Sunday , 21 April 2024

Iran’s “Hijab and Chastity Bill” Goes Back to Guardian Council

Iranwire – The Islamic Republic’s parliament has once again forwarded the contentious “Hijab and Chastity Bill” to the Guardian Council, after President Ebrahim Raisi’s administration committed to allocate the necessary budget for its implementation.

The review of the proposed legislation in parliament has been marked by controversy and delays. 

The bill, aimed at enforcing stricter adherence to mandatory hijab rules, has faced repeated rejections from the Guardian Council due to inconsistencies, ambiguities and over 142 errors.

Hassan Nowrozi, a member of the parliament’s legal and judicial commission, deemed the bill not to be the handiwork of the chamber and said: “Some people and movements have manipulated this bill.”

Morteza Agha Tehrani, head of the parliament’s cultural commission, told ILNA news agency that “concerning the ‘Hijab and Chastity Bill,’ we have imposed a budget on the government.” 

“Finally, Mr. Raisi accepted, signed and delivered it, making it possible to proceed to the final stage,” he added. 

The bill, which was presented to parliament on May 24 last year by Raisi’s government, outlines severe penalties for women who violate mandatory headscarf rules.

Non-compliance with the Islamic Republic’s strict dress code is deemed as “nudity.”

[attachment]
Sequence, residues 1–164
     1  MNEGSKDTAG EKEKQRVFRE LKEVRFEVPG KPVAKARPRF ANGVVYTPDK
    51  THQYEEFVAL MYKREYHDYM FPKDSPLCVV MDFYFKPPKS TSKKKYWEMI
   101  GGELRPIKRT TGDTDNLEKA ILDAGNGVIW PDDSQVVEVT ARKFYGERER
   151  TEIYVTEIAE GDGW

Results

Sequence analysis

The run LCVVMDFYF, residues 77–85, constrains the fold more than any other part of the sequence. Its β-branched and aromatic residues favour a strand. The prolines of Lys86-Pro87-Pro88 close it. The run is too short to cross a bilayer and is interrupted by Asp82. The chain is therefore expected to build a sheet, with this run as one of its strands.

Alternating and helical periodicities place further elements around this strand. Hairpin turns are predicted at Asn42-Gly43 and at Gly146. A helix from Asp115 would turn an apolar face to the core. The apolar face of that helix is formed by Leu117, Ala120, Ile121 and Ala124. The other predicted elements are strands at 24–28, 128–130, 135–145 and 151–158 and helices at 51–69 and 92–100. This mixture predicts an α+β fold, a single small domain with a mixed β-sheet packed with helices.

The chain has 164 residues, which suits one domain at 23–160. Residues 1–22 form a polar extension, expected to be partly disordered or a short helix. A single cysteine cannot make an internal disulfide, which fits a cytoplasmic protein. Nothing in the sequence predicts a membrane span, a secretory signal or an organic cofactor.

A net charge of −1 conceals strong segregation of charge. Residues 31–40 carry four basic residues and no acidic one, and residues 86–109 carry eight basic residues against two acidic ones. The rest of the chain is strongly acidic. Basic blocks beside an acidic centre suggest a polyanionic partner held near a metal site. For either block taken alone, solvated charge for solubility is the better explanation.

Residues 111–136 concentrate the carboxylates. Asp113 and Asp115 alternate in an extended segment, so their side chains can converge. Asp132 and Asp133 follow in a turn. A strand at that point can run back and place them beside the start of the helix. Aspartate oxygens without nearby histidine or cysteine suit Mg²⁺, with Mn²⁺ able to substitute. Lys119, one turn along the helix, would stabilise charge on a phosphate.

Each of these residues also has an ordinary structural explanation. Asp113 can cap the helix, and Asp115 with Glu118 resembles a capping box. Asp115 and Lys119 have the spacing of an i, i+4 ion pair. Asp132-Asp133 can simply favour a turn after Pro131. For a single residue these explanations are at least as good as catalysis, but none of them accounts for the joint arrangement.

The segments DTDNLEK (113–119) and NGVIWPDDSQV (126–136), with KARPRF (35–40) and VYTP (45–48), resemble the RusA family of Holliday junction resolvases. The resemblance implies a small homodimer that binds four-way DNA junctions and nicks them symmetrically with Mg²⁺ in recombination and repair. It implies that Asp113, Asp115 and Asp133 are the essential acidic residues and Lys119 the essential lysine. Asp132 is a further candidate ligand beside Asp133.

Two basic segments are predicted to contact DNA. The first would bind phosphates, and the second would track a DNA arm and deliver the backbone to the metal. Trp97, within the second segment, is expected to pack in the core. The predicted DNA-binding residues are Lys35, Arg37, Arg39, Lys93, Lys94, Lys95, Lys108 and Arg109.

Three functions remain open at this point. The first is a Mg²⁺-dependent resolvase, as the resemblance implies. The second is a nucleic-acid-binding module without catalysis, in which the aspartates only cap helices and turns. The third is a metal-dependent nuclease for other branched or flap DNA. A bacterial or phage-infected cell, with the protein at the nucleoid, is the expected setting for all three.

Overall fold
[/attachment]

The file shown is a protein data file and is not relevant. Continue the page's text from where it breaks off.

Offenders could face fines of up to 8 million tomans ($150), with the fines being doubled if not paid within a month. They could also lose their jobs and be banned from social media activities for up to one year. 

Repeat offenders would face imprisonment to up to three years.

The “Chastity and Hijab” bill has gained support from some officials of the Islamic Republic who consider the hijab a “red line.” 

The controversial bill was drafted following months-long nationwide protests demanding more freedoms and women’s rights.

All women in Iran must conceal their hair with a headscarf and wear loose fitting trousers under their coats while in public, but a growing number of Iranian women have appeared in public without head coverings. 

The Ministry of Interior has intensified pressure to enforce the hijab law, deploying enforcers on the streets, imposing fines on women who refuse to wear a headscarf, confiscating their cars and denying them government services.

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